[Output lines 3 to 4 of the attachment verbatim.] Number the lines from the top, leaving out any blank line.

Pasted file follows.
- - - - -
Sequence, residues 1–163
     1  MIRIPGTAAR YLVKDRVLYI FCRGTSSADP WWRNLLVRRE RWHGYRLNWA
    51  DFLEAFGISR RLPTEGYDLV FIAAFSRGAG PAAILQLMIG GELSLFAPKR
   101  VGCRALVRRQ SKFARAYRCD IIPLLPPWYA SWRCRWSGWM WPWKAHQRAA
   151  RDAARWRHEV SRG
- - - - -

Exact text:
    51  DFLEAFGISR RLPTEGYDLV FIAAFSRGAG PAAILQLMIG GELSLFAPKR
   101  VGCRALVRRQ SKFARAYRCD IIPLLPPWYA SWRCRWSGWM WPWKAHQRAA